Hospitals are trying to make their own disinfectant from in-house chemicals, running low on toilet paper and food, and trying to source face masks from nail salons.

Those are some of the findings from a snapshot survey of how America’s hospitals are handling the coronavirus crisis. The survey was done over five days — during the week of March 23 — by the U.S. Department of Health and Human Services’ Office of Inspector General. Ann Maxwell, who oversaw the report as assistant inspector general for evaluation and inspections, says it’s “the first objective, independent, national look at how hospitals are addressing the COVID-19 response.”

Maxwell says her office worked fast to get this report done. Dozens of staffers working on it called 323 hospitals around the country. “We asked them for just 15 to 20 minutes of their precious time,” Maxwell says. Administrators answered questions about their biggest challenges, their strategies to address those challenges and how the government could better help.

“It’s an incredibly comprehensive report done on very short notice,” says Gerard Anderson, director of the Johns Hopkins Center for Hospital Finance and Management. He adds it’s significant that the report is coming from this office, since others in the federal government “tend to listen very closely to somebody like the inspector general.”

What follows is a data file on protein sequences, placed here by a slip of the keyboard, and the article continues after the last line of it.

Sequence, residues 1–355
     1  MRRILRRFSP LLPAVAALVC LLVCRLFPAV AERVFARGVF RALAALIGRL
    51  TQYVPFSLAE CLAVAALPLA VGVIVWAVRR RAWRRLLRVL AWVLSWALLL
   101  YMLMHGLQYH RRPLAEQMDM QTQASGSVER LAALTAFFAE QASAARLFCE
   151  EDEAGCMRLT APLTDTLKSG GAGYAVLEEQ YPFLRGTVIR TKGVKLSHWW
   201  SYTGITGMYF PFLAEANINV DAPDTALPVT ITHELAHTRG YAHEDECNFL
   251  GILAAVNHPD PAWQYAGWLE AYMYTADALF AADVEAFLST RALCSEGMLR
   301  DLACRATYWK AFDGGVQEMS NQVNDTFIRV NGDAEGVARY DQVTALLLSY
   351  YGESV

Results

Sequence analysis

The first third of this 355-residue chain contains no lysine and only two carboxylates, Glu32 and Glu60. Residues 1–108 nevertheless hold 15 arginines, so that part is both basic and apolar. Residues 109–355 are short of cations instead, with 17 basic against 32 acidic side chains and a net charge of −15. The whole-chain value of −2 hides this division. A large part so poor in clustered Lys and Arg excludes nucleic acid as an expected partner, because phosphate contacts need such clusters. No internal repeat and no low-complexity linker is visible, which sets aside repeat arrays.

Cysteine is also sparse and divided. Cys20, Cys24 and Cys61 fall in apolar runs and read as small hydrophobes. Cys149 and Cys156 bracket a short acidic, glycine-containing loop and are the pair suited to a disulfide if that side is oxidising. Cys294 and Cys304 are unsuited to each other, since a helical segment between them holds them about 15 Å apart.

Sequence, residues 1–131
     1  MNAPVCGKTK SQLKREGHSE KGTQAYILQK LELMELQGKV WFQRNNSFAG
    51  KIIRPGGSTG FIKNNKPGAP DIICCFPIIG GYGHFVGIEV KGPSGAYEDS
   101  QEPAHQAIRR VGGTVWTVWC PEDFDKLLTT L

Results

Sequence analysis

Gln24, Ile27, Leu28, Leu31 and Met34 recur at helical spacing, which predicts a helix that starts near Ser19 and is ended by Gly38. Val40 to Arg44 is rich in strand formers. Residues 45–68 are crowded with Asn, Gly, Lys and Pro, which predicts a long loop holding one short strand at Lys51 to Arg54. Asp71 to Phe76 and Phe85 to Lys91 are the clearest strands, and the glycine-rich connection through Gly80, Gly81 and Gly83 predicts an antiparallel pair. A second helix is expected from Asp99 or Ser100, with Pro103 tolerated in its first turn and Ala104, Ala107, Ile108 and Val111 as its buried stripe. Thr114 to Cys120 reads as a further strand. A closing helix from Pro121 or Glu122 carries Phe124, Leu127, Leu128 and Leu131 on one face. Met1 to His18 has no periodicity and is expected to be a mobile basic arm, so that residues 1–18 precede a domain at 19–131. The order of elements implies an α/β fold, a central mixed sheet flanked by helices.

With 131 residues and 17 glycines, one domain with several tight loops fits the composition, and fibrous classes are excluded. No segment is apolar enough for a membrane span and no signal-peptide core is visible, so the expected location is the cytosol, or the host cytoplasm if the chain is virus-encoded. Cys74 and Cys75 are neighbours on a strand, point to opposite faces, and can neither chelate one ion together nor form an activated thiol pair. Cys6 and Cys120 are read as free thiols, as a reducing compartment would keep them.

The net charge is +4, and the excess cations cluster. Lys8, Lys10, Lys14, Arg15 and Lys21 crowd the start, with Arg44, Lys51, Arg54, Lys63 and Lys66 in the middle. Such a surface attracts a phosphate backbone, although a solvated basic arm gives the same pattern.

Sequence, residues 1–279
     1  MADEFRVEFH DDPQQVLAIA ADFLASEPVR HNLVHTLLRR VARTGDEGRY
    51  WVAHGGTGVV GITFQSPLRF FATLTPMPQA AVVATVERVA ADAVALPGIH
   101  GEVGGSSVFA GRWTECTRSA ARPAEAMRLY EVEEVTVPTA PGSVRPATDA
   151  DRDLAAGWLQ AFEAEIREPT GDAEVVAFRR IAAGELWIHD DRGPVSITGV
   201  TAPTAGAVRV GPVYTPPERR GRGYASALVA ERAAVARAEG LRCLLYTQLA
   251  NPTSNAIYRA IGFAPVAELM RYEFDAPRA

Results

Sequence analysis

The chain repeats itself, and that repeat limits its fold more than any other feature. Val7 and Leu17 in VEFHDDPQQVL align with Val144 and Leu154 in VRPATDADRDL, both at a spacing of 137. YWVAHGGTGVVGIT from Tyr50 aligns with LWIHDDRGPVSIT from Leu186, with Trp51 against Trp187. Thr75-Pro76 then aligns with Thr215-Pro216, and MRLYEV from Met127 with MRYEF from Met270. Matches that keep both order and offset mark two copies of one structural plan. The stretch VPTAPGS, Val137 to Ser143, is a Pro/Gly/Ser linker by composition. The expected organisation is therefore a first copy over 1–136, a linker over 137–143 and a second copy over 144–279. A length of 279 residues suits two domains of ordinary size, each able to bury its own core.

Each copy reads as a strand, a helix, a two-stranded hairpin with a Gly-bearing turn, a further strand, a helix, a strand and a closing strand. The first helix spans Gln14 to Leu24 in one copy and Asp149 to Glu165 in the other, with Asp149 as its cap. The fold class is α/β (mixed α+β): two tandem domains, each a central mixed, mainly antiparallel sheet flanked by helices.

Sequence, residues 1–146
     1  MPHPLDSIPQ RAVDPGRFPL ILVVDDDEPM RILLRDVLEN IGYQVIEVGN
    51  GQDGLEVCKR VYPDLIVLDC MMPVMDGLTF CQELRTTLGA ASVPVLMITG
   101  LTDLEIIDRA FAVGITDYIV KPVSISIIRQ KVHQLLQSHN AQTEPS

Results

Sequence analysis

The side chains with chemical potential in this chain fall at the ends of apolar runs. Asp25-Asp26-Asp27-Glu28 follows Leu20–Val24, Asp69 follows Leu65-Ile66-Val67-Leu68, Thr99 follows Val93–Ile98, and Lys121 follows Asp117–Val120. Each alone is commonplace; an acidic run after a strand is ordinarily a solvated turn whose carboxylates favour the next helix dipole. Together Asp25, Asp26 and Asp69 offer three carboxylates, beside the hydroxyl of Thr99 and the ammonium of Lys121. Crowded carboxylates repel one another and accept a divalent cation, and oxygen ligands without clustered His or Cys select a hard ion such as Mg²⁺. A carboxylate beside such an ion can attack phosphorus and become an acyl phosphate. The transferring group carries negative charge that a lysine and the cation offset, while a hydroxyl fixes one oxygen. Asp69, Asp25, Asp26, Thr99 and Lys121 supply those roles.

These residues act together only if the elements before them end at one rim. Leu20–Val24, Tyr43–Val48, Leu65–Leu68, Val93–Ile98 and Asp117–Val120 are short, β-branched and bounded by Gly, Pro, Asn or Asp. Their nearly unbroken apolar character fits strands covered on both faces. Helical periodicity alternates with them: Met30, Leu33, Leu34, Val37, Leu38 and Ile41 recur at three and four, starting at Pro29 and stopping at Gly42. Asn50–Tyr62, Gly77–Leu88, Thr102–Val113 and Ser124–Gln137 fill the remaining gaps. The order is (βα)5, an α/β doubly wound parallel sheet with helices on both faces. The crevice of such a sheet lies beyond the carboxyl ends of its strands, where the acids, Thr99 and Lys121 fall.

Here are some highlights of the report:

“Some facilities stated that they turned to non-traditional sources of medical equipment and supplies […] such as online retailers, home supply stores, paint stores, autobody supply shops, and beauty salons.”

One hospital said its shipment of face masks from the federal government had all expired 10 years ago. In another shipment of 1,000 masks, half were child-sized. Yet another hospital said when trying to buy supplies, masks that had been 50 cents were now $6 apiece.

“[Hospitals] often end up in competition against each other,” Maxwell says. “We heard hospitals report that they felt there could be more of a role for the federal government to help intervene and coordinate the supplies that they needed and the distribution of those supplies.”

She adds the federal government has taken steps to try to address this issue, “but when we talked to hospitals [in late March], they were still reporting that this was a serious challenge.”

“Hospitals reported insufficient inventory of essential cleaning supplies, such as disinfectant wipes, hand sanitizer, and hand soap. One hospital […] described making disinfectants, such as bleach, out of on-hand chemicals, such as chlorine.”

All sorts of critical supplies were hard for hospitals to get and keep in stock. Beyond cleaning supplies, hospitals also reported shortages of “intravenous therapy poles, medical gas, linens, and food.” Multiple hospitals said their supply of toilet paper was running low.